Oxford Asset Mgmt., 297 F.3d at 1189. Finally, where, as here, “the [alleged] facts underlying the misrepresentation at stake in the [Section 11] claim are said to be part of a fraud claim, as alleged elsewhere in the complaint[, ] . . . plaintiffs must plead with particularity.” See Wagner, 464 F.3d at 1278.

         2. Standing under Section 10(b)

         As an initial matter, the Defendants contend that the Halberts lack standing to assert their Section 10(b) claim with respect to the alleged misrepresentations of the Intraday Indicative Value on February 5, 2018 because they failed to allege that they purchased or sold the XIV ETNs during the one-hour window when Defendants purportedly misrepresented the value. Doc. 52 at 9-10; 58 at 2-3. In support of this contention, the Defendants cite O & G Carriers, Inc. v. Smith, in which the Southern District of New York held that, because “the alleged fraud . . . took place after [the plaintiffs] had invested, the alleged fraud was not ‘in connection with' the purchase or sale of a security, ” as required by Section 10(b). See 799 F.Supp. 1528, 1539 (S.D.N.Y. 1992). However, although the Halberts do not specifically allege that they bought and sold XIV ETNs within the one-hour period when the Intraday Indicative Value allegedly failed to update, they do allege that they bought and sold XIV ETNs on February 5 and 6, 2018. See doc. 45 ¶ 46. Moreover, the Halberts allege that they purchased the XIV ETNs “in reliance on the integrity of the market, ” id. ¶ 63, which, they allege, was an efficient market that was affected by “the misstated Intraday Indicative Values, ” id. ¶ 60. Their contentions are sufficient to allege a “fraud-on-the-market theory” of reliance, see doc. 45 ¶ 60, which entitles the Halberts to a rebuttable presumption of reliance on the allegedly false Intraday Indicative Values based on the theory that “the market price of shares traded on well-developed markets reflects all publicly available information, and, hence, any material misrepresentations[.]” See Meyer v. Greene, 710 F.3d 1189, 1195 (11th Cir. 2013) (quoting Basic Inc. v. Levinson, 485 U.S. 224, 241 (1988)); Stoneridge Inv. Partners, LLC v. Sci.-Atlanta, 552 U.S. 148, 159 (2008) (“[U]nder the fraud-on-the-market doctrine, reliance is presumed when the statements at issue become public.”).

         The Defendants further contend that the Halberts have merely alleged impermissible “holding” claims-that the allegedly false Intraday Indicative Values on February 5, 2018 induced them to hold, rather than to buy or sell, their XIV ETNs. See doc. 58 at 7-8. In Blue Chip Stamps v. Manor Drug Stores, the Supreme Court affirmed the standing rule created by Birnbaum v. Newport Steel Corp., 193 F.2d 461, 464 (2d Cir. 1952), which permits only purchasers and sellers of securities, and parties to contracts to purchase and sell securities, to bring suit under Rule 10b-5. 421 U.S. 723, 731-32 (1975). This rule bars, in part, plaintiffs who “are actual shareholders in the issuer who allege that they decided not to sell their shares because of an unduly rosy representation or a failure to disclose unfavorable material. . . .” Blue Chip Stamps, 421 U.S. at 737-38. In citing this rule and contending that the Halberts have plead impermissible “holder” claims, the Defendants rely on assertions from the Halberts' responsive brief, rather than the allegations in the Amended Complaint. See doc. 58 at 2-3. In ruling on a motion to dismiss, however, the court's review is limited to the allegations in the complaint, incorporated exhibits, central and undisputed extrinsic documents, and judicially-noticed documents and facts. See U.S. ex rel. Osheroff v. Humana Inc., 776 F.3d 805, 811 (11th Cir. 2015) (describing what district courts may consider on motion to dismiss under Rule 12(b)(6)). The court cannot, and does not, consider unpleaded allegations in the parties' briefs. See id. Accordingly, at this stage of the proceedings, the Halberts have adequately alleged standing for their Section 10(b) claim premised on the allegedly false Intraday Indicative Values on February 5, 2018.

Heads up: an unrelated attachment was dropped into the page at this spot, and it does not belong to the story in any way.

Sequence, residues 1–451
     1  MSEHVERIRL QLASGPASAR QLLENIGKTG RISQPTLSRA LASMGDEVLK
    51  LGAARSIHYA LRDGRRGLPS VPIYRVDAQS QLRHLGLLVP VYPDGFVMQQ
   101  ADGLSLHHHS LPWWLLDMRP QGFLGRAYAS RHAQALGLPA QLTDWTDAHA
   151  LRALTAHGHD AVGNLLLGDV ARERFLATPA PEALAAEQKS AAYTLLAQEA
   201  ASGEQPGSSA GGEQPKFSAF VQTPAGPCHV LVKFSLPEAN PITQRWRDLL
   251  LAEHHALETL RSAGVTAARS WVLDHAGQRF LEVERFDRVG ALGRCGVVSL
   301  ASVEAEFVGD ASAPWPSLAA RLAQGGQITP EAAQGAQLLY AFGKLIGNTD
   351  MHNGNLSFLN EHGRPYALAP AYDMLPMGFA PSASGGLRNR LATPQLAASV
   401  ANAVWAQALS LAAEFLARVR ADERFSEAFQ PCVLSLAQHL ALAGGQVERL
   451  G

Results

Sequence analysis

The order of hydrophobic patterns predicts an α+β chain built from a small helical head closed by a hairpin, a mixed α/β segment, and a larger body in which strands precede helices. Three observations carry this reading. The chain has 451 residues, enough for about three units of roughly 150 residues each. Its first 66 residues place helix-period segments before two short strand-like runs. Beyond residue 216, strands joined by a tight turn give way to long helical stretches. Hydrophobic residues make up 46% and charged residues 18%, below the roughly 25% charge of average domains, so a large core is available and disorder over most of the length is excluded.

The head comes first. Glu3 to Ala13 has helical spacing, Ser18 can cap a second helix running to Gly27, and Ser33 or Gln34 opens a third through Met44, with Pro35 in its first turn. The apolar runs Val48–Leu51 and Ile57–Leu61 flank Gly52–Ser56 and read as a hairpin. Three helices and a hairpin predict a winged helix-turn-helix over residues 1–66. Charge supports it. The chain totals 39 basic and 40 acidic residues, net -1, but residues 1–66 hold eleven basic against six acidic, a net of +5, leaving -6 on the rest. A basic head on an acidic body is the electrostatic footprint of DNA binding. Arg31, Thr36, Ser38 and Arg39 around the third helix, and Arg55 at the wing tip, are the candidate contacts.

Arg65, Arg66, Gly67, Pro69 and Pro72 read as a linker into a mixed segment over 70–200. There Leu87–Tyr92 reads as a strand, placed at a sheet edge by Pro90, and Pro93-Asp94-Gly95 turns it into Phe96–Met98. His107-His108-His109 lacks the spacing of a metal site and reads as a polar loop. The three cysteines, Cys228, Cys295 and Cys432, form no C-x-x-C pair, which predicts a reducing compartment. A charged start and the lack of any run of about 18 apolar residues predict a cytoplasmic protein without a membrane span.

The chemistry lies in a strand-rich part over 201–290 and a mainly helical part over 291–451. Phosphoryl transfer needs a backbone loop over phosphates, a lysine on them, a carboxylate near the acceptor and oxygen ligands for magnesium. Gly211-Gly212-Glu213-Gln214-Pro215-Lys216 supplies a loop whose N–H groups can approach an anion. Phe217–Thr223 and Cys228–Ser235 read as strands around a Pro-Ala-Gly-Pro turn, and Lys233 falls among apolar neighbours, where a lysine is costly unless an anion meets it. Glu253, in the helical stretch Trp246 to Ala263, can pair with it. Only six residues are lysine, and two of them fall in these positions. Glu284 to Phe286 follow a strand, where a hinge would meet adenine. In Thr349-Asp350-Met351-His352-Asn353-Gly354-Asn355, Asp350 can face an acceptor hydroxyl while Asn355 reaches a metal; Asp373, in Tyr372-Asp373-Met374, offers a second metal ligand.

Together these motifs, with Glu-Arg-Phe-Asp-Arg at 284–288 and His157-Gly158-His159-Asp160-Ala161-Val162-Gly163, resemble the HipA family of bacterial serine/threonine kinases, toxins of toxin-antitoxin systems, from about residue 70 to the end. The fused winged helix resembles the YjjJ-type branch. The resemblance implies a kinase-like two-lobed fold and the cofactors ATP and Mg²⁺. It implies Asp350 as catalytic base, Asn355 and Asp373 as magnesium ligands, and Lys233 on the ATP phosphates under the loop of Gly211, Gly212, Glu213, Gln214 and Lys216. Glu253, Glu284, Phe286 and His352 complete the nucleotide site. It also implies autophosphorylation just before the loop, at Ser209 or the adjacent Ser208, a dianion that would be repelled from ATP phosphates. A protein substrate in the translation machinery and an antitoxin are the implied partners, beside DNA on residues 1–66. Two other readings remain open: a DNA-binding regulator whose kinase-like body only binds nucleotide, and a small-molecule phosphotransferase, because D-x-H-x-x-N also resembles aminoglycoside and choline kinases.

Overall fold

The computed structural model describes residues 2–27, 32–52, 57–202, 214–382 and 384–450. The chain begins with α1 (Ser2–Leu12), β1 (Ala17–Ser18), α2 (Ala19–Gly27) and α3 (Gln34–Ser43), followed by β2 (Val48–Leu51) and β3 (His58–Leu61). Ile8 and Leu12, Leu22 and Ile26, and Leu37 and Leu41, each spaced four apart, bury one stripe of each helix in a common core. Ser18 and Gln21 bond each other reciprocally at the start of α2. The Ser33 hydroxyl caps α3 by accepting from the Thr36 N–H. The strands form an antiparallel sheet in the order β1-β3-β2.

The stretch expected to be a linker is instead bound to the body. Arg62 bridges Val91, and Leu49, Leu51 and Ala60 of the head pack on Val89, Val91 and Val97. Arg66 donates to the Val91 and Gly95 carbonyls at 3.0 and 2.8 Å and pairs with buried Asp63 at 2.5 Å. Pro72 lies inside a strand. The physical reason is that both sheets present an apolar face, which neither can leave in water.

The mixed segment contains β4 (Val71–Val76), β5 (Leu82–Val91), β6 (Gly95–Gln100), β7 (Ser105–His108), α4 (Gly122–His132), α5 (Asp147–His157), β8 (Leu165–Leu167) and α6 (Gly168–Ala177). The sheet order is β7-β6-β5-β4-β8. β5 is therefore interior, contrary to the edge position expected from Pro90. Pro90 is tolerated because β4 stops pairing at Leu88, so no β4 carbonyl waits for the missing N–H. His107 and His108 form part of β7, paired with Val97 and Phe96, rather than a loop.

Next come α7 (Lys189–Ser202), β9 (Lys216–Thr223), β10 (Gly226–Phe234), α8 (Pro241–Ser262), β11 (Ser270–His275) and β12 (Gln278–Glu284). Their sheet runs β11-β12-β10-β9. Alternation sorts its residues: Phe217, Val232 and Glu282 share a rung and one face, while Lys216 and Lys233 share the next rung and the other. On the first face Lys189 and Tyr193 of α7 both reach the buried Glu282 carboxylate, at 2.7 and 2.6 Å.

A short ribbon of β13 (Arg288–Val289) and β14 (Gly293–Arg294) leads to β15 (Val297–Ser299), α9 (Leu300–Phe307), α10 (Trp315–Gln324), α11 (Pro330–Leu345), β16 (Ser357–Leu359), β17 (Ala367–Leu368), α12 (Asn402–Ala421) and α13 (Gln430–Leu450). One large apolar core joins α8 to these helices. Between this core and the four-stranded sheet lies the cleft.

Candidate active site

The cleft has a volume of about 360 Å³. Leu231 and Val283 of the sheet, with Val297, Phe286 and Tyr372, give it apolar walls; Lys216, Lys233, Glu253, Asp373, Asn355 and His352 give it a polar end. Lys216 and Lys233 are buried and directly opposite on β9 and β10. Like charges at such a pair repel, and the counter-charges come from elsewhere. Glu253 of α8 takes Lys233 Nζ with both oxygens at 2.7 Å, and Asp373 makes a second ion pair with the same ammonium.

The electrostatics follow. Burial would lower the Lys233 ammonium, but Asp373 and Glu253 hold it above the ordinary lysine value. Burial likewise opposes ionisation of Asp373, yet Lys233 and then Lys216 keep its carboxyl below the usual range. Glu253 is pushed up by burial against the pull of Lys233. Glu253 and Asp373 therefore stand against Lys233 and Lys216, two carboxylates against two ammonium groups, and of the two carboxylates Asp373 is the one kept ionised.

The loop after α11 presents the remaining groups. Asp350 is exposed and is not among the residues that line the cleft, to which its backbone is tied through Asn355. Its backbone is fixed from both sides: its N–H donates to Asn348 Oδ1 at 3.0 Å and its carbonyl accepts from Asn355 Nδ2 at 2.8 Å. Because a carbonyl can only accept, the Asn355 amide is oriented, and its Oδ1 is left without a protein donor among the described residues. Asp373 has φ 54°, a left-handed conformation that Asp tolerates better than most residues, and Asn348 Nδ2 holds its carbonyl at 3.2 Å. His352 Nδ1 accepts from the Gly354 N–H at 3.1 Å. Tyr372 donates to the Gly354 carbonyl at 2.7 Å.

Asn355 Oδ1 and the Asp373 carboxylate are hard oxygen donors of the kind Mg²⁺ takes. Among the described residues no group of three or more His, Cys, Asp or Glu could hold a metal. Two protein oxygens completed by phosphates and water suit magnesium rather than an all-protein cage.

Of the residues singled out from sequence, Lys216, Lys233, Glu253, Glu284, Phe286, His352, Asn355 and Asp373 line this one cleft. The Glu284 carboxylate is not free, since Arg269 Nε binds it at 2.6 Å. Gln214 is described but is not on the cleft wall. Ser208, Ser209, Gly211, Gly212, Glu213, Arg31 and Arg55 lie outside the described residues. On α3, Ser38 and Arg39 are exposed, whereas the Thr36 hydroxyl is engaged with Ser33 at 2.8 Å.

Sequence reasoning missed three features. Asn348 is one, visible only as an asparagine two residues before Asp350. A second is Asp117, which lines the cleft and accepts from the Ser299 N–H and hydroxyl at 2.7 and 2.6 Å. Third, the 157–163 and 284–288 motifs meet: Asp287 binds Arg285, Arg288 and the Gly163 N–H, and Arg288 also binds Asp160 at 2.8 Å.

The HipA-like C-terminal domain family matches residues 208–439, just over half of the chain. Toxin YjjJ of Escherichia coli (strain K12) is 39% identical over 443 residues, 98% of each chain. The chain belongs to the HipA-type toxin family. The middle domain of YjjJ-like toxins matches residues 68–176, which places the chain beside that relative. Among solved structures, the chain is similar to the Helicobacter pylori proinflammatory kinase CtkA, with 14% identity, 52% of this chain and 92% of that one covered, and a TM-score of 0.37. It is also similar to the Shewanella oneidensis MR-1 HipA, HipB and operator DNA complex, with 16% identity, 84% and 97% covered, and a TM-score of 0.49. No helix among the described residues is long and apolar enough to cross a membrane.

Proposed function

3. Material Misrepresentations under Section 10(b) and Section 11

         To state a claim under Section 11 of the Securities Act, or a misrepresentation claim under Section 10(b) and Rule 10b-5(b) of the Exchange Act, “a complaint must allege the misstatement or omission of a material fact.” In re BellSouth Corp. Sec. Litig., 355 F.Supp.2d 1350, 1365 (N.D.Ga. 2005). A statement is misleading under the securities laws “if in the light of the facts existing at the time of the [statement] . . . [a] reasonable investor, in the exercise of due care, would have been misled by it.” FindWhat Inv'r Grp. v., 658 F.3d 1282, 1305 (11th Cir. 2011) (quoting parenthetically SEC v. Texas Gulf Sulphur Co., 401 F.2d 833, 863 (2d Cir. 1968)). “In other words, if no reasonable investor could conclude public statements, taken together and in context, were misleading, the issue is appropriately resolved as a matter of law.” In re BellSouth, 355 F.Supp.2d at 1365 (citation omitted) (analyzing Section 11 and Section 10(b) misrepresentation claims together). The alleged misleading misrepresentations must also be material-i.e., that “there is a substantial likelihood that the disclosure of the omitted fact would have been viewed by the reasonable investor as having significantly altered the total mix of information made available.” S.E.C. v. Morgan Keegan & Co., Inc., 678 F.3d 1233, 1245 (11th Cir. 2012) (articulating this standard for Section 10(b) claims); see Oxford Asset Mgmt., 297 F.3d at 1189 (applying this standard under Section 11). “The trier of fact usually decides the issue of materiality.” Oxford Asset Mgmt., 297 F.3d at 1189. “Only if the lack of importance of the omission is so plain that reasonable minds cannot differ thereabout is it proper for the court to pronounce the omission immaterial as a matter of law.” Id.

         a. Alleged Omissions Concerning Hedging and Plan to Collapse and ...